Implementation and Early Impacts of Jobs First, Connecticut's Welfare Reform Initiative


Connecticut’s Jobs First program is a statewide welfare reform initiative that began operating in January 1996. Jobs First was one of the earliest statewide programs to impose a time limit on welfare receipt: Families are limited to 21 months of cash assistance unless they receive an exemption or extension. The program also includes generous financial work incentives and requires recipients to participate in employment-related services targeted toward rapid job placement. Jobs First was initiated under waivers of federal welfare rules that were granted before the passage of the 1996 federal welfare law (the Personal Responsibility and Work Opportunity Reconciliation Act, or PRWORA); how the program fares over time may provide important lessons on the likely results of welfare reforms implemented in other parts of the country in response to the federal law.

This report has been prepared as part of a large-scale evaluation of Jobs First being conducted by the Manpower Demonstration Research Corporation (MDRC). The evaluation is funded under a contract with the Connecticut Department of Social Services (DSS) — the agency that administers Jobs First — and with support from the U.S. Department of Health and Human Services, the Ford Foundation, and the Smith Richardson Foundation. The study focuses on two welfare offices — Manchester and New Haven — which together include more than one-fourth of the state’s welfare caseload. MDRC is a nonprofit, nonpartisan organization with a quarter century’s experience designing and evaluating programs and policies for low-income individuals, families, and communities.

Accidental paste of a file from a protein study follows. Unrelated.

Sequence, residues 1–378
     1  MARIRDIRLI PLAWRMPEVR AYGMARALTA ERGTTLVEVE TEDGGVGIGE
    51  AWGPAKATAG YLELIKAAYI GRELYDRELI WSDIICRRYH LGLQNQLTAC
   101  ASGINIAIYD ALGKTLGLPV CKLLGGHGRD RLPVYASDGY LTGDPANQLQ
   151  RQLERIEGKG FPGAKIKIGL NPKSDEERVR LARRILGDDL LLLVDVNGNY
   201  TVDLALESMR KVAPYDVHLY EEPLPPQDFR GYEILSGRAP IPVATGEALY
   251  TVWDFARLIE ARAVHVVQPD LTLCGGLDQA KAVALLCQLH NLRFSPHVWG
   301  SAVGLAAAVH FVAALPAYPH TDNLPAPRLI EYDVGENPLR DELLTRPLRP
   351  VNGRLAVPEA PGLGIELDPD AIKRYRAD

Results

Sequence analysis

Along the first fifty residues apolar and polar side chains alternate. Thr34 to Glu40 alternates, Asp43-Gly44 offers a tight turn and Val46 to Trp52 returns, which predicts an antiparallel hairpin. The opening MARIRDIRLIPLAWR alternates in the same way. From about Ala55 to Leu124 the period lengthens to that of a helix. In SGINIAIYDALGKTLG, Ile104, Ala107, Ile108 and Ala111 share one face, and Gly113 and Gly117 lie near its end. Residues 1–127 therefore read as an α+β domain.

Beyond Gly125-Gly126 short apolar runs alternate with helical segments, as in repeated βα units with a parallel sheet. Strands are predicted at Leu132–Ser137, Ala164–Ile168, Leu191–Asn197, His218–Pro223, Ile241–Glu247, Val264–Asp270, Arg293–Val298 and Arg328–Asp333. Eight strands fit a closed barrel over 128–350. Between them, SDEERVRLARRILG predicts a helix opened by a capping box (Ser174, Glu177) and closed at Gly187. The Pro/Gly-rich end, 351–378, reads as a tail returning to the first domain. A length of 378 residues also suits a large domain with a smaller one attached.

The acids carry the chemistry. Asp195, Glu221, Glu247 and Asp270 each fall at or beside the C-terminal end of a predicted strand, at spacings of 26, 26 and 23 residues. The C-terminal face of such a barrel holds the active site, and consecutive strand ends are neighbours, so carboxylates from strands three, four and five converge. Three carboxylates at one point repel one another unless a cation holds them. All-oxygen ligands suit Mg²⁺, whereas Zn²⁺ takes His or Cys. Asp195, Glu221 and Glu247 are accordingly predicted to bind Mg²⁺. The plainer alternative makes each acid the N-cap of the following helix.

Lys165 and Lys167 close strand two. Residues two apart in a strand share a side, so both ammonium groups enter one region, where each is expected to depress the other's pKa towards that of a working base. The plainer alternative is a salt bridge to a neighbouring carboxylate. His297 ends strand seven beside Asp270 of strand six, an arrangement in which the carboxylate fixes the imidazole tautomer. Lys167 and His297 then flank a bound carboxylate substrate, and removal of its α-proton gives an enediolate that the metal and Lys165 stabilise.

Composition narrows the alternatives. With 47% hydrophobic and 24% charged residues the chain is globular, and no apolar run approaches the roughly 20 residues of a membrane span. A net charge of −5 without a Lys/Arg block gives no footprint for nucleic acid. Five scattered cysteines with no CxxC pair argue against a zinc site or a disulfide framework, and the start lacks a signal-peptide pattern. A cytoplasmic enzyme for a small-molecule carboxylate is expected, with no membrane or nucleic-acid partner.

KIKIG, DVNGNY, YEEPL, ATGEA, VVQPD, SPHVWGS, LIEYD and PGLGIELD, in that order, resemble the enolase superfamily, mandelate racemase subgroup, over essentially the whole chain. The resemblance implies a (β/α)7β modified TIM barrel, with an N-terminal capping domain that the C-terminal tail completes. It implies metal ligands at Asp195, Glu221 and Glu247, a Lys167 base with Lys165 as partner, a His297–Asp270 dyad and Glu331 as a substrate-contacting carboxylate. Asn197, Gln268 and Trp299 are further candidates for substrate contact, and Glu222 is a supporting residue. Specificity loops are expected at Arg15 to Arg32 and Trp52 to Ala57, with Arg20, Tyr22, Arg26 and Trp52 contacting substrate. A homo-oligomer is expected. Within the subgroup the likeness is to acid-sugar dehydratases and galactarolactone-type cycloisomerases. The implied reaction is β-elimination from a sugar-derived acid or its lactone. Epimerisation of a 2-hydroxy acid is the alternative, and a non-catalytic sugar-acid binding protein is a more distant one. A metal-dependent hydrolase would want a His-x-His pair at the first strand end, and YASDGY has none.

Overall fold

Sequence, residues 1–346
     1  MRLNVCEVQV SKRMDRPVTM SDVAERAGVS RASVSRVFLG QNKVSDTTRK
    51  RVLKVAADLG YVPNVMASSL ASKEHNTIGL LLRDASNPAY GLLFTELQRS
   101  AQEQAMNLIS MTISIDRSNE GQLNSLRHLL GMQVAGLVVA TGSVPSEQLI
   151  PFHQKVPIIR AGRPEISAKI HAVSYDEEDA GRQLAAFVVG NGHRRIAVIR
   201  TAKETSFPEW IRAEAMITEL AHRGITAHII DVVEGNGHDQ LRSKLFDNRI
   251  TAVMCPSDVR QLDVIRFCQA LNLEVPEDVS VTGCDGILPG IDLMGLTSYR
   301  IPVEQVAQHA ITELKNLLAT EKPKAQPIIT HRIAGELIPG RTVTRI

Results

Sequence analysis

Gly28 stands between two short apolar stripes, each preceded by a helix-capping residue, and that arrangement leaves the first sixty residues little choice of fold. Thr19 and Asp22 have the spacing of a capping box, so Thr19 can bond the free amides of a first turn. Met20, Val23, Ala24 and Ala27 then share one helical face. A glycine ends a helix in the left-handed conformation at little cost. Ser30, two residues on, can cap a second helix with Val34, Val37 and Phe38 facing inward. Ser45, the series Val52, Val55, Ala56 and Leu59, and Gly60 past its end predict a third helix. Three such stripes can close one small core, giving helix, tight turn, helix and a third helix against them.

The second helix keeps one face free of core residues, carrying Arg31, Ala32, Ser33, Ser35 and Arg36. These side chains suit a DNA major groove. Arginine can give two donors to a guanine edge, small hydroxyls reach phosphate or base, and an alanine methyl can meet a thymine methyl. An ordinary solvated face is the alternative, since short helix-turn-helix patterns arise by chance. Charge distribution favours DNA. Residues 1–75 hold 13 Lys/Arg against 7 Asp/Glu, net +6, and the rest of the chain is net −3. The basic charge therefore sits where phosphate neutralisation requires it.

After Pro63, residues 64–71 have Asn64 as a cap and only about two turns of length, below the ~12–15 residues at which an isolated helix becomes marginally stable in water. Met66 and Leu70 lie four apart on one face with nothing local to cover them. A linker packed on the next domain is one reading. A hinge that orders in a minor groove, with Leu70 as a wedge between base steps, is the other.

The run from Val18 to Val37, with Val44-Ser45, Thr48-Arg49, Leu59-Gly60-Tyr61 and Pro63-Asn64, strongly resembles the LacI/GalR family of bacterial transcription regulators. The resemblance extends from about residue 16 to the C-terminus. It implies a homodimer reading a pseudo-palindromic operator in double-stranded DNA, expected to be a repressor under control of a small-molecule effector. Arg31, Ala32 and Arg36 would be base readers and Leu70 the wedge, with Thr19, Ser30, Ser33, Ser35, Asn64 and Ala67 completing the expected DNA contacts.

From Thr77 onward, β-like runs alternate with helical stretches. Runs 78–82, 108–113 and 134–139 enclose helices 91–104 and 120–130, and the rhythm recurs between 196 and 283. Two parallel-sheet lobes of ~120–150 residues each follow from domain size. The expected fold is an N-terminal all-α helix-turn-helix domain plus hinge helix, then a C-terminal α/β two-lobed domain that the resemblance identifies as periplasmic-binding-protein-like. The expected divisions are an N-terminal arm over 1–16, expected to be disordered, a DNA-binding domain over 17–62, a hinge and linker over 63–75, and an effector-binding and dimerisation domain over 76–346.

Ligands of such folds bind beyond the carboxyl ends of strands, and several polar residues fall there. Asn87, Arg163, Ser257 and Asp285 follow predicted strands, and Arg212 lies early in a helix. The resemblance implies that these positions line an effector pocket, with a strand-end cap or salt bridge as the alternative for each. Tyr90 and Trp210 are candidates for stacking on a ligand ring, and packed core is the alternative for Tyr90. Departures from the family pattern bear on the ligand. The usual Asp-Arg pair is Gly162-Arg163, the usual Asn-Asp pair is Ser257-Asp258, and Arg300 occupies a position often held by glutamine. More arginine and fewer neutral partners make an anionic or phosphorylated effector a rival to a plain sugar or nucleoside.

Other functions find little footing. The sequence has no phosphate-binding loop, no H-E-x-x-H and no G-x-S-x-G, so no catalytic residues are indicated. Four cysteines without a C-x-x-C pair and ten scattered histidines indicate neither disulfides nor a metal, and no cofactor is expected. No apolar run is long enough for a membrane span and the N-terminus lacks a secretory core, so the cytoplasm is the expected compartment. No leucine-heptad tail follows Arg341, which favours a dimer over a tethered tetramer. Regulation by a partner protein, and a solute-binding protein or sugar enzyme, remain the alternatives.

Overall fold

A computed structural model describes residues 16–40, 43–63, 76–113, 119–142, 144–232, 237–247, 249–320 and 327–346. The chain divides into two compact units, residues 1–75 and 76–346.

This is the third publication in the Jobs First evaluation. The earlier reports, completed in 1997 and 1998, examined the implementation of Jobs First during its first two years of program operations. This report updates the implementation story, and also includes the first information about Jobs First’s impacts — that is, the difference Jobs First makes relative to the outcomes generated by the welfare system that preceded it. To facilitate this assessment, between January 1996 and February 1997 several thousand welfare applicants and recipients (most of them single mothers) were assigned, at random, to one of two groups: the Jobs First group, whose members are subject to the welfare reform policies, and the Aid to Families with Dependent Children (AFDC) group, whose members are subject to the prior welfare rules. Because people were assigned to the groups through a random process, any differences that emerge between the two groups over time — for example, in employment rates or average family income — can reliably be attributed to Jobs First.